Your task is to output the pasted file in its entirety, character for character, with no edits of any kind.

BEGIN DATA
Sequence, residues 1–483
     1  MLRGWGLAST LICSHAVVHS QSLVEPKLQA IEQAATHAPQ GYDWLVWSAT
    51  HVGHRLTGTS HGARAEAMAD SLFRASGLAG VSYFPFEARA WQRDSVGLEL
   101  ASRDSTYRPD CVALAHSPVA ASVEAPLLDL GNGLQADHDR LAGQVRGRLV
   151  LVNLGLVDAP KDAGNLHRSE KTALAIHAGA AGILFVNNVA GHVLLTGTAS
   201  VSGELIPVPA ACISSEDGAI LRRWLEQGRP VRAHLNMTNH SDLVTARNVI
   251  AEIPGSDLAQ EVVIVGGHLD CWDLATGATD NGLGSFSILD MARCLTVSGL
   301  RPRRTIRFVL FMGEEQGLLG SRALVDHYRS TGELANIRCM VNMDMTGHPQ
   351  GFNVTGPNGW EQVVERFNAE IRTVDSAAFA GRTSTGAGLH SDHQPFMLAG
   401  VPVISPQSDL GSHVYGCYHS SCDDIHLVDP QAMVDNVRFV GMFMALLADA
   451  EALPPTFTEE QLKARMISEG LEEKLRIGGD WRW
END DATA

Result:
Sequence, residues 1–483
     1  MLRGWGLAST LICSHAVVHS QSLVEPKLQA IEQAATHAPQ GYDWLVWSAT
    51  HVGHRLTGTS HGARAEAMAD SLFRASGLAG VSYFPFEARA WQRDSVGLEL
   101  ASRDSTYRPD CVALAHSPVA ASVEAPLLDL GNGLQADHDR LAGQVRGRLV
   151  LVNLGLVDAP KDAGNLHRSE KTALAIHAGA AGILFVNNVA GHVLLTGTAS
   201  VSGELIPVPA ACISSEDGAI LRRWLEQGRP VRAHLNMTNH SDLVTARNVI
   251  AEIPGSDLAQ EVVIVGGHLD CWDLATGATD NGLGSFSILD MARCLTVSGL
   301  RPRRTIRFVL FMGEEQGLLG SRALVDHYRS TGELANIRCM VNMDMTGHPQ
   351  GFNVTGPNGW EQVVERFNAE IRTVDSAAFA GRTSTGAGLH SDHQPFMLAG
   401  VPVISPQSDL GSHVYGCYHS SCDDIHLVDP QAMVDNVRFV GMFMALLADA
   451  EALPPTFTEE QLKARMISEG LEEKLRIGGD WRW